The starting position for most new extract brewers is to use a partial boil set up. Defined as using a pot smaller than the intended batch size, all the ingredients are boiled in a smaller volume. Then the wort is diluted to the final desired batch size. (Often the dilution step is used as part of a cooling step)

What are the Ups and Downs of both Partial vs. Full boils?

  • This might be a good place to start, I asked something similar and got some good answers: homebrew.stackexchange.com/questions/971/… Commented Jan 9, 2010 at 16:27
  • I always wondered why my brews were always drarker, thanks for the post!
    – user2449
    Commented Jun 2, 2012 at 18:11

2 Answers 2


Boiling is a fairly poorly understood process. That being said here is what I know.

Partial-wort Boil


  • You probably already have all the necessary equipment
  • Small footprint
  • Easy to manage
  • You can use your kettle for other things


  • Hop utilization suffers, meaning you must use more hops to get the same level of bitterness
  • There is a limit to iso-alpha acid concentration in wort - might have trouble making your favorite imperial double IPA. citation needed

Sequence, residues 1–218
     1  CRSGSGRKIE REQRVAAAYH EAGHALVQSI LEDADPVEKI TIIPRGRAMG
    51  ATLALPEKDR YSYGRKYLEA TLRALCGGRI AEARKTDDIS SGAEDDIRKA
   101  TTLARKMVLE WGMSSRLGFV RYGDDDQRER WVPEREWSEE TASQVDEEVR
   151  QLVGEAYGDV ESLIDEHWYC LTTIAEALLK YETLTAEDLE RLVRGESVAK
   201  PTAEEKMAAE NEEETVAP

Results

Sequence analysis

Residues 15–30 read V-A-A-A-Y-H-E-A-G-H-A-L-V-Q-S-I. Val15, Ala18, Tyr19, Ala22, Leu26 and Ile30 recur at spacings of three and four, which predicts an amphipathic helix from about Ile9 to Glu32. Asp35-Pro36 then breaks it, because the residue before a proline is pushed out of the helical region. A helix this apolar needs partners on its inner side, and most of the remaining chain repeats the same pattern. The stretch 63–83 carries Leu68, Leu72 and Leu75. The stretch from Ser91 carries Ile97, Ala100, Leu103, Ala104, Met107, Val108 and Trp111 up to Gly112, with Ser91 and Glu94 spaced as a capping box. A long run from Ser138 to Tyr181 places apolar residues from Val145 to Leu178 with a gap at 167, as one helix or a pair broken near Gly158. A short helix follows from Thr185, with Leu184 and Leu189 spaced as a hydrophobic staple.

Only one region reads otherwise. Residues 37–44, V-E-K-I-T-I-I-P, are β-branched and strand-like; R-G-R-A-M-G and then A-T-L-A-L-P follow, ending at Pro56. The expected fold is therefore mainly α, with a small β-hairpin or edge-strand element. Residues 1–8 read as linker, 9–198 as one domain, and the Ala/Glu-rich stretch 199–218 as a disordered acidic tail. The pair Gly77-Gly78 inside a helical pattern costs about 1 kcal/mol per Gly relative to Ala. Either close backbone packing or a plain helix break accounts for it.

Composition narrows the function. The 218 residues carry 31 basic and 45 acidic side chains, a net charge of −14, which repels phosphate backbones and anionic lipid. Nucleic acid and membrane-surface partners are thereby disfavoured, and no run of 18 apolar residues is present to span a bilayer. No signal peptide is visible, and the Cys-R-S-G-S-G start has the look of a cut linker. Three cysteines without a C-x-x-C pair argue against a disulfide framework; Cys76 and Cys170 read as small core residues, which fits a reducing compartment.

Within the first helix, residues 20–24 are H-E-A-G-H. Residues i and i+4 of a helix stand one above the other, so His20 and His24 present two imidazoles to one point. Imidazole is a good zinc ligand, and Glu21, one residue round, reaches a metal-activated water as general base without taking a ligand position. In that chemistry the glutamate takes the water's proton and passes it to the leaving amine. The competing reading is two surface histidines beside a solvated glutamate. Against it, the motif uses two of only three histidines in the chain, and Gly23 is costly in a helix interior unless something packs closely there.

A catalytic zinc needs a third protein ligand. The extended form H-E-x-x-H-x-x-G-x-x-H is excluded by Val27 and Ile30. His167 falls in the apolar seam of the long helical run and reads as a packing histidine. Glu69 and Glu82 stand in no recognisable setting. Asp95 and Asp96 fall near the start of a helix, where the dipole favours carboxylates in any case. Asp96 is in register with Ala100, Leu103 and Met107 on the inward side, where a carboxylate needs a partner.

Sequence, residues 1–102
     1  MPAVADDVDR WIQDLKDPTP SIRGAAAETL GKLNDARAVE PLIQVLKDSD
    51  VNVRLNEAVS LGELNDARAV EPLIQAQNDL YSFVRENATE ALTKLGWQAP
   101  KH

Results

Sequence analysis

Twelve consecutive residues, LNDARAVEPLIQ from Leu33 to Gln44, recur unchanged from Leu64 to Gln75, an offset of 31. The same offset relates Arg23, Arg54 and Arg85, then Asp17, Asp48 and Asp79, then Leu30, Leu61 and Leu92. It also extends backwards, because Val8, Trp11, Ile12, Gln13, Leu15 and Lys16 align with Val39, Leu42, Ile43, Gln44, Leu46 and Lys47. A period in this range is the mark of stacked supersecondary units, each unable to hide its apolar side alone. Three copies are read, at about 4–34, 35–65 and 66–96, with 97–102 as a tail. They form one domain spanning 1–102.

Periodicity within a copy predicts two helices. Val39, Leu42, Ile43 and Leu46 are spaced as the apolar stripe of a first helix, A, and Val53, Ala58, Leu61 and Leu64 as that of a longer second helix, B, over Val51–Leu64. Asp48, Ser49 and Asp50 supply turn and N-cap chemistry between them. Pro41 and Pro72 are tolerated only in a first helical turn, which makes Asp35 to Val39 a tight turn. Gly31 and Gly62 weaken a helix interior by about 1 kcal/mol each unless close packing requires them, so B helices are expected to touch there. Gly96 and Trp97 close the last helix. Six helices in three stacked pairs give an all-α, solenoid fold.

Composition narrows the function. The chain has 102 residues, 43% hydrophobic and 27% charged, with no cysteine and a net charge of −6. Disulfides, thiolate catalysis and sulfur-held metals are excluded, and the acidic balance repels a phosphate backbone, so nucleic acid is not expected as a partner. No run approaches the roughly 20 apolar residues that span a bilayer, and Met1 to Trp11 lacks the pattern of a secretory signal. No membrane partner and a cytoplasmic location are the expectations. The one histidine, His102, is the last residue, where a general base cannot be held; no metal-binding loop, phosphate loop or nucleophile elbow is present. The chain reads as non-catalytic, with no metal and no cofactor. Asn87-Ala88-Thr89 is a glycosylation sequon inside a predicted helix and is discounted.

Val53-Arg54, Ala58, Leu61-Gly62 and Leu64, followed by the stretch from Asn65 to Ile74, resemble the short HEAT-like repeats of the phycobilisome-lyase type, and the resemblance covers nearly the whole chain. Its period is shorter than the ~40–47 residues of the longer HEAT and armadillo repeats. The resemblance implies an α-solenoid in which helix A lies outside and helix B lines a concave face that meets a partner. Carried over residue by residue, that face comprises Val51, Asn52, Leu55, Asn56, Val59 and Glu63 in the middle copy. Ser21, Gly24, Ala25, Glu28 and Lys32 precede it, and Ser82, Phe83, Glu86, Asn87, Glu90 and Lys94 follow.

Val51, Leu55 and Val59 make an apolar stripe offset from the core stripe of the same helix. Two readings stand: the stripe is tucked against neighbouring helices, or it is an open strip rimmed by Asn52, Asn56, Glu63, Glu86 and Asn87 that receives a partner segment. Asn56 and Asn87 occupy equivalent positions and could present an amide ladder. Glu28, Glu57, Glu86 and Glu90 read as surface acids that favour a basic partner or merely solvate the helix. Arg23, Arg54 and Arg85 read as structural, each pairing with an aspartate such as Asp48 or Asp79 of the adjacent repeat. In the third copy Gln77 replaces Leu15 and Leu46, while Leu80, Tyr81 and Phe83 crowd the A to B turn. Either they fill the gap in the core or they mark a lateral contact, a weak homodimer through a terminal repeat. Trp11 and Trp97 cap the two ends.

• It is much more difficult to accommodate all-grain batches because they necessitate full-wort boils
  • Boil-overs make a mess on the stove
  • You should sanitize top-off water to minimize infection risk, giving you another process to mind
  • Wort-darkening reactions happen faster at higher concentration, so your beer comes out darker than expected

Full-wort Boil


  • You can handle a full batch of wort from a mash tun
  • Hop utilization is better
  • Wort-darkening reactions happen at an expected concentration
  • You can size your kettle to minimize the possibility of boil-over


  • It is very difficult to boil a full batch on the stove, making it necessary to buy a burner in addition to a large pot
  • Boil-overs make a mess on the deck/garage/sidewalk
  • More (large) equipment to manage & store
  • Very nice summary.
    – brewchez
    Commented Jan 10, 2010 at 16:35
  • Hop utilization is usually greater with partial boil, because it is combined with late addition extract.
    – Wyrmwood
    Commented Jun 5, 2017 at 21:11
  • If you are boiling a higher concentration of sugars, hop utilization will be lower (thought there is some question here...), but if you are adding extract late, which I would imagine most would be these days, then the utilization is actually higher.
    – Wyrmwood
    Commented Jun 5, 2017 at 21:18
  • 1
    One important point missing: Partial boils are easy to cool to pitching temperature without extra equipment. 3 Gallons can be cooled down easy enough by putting the stockpot in cold running water in the sink (may have to add ice if you have warm tap water), 5+ gallons requires a chiller of some kind.
    – Mumble
    Commented Jun 6, 2017 at 6:32

Do not boil the wort when making beer from extract. There is no reason to do so. One can do it but it will turn out the same as when not boiled. Many extract beer kits now recommend this method for safety and for economy/efficiency.